Musk has previously shut down the idea of electric vehicles with solar panels, and for good reason: the surface of the panels isn’t large enough to generate sufficient electricity to warrant the additional cost. In other words, customers would be paying more for the panels than they’d be worth in terms of cutting running costs. This would change with a van, he explains.
“Now, a van, because you have a big, flat area, that’s actually where solar could start to make a little more sense. You know, because you have a lot of area,” Musk says. “You could also have, maybe, a roof where it is solar, and then, when it is stationary, [the roof] goes out and provides shade, and maybe triples your area or something like that. Now, you triple the area, and you have a big, flat surface, you could maybe start charging enough where you start getting like 30 miles [48.2 km] a day.”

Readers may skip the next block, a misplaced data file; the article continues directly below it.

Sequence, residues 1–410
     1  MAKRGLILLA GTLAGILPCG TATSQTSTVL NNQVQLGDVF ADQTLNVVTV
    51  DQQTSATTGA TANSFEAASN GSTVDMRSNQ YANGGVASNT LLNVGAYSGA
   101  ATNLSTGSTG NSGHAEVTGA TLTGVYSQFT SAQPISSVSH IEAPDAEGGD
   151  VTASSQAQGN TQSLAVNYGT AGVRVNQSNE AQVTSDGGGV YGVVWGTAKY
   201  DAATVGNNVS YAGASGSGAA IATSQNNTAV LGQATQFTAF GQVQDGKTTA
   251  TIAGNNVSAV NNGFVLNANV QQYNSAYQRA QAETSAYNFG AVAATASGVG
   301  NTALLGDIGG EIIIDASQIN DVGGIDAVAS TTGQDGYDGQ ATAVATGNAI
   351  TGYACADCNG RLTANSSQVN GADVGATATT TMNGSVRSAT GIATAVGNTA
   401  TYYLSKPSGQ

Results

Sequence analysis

Put it differently, you could add an awning that would serve a two-fold purpose: increase the surface of solar panels and provide shade. Theoretically, this would work and it would make the van completely independent. “Even if the apocalypse happens,” Musk jokes.
Then again, if the apocalypse does happen, a van is not the ideal escape vehicle, regardless of whether it’s made by Tesla or not. The Cybertruck is.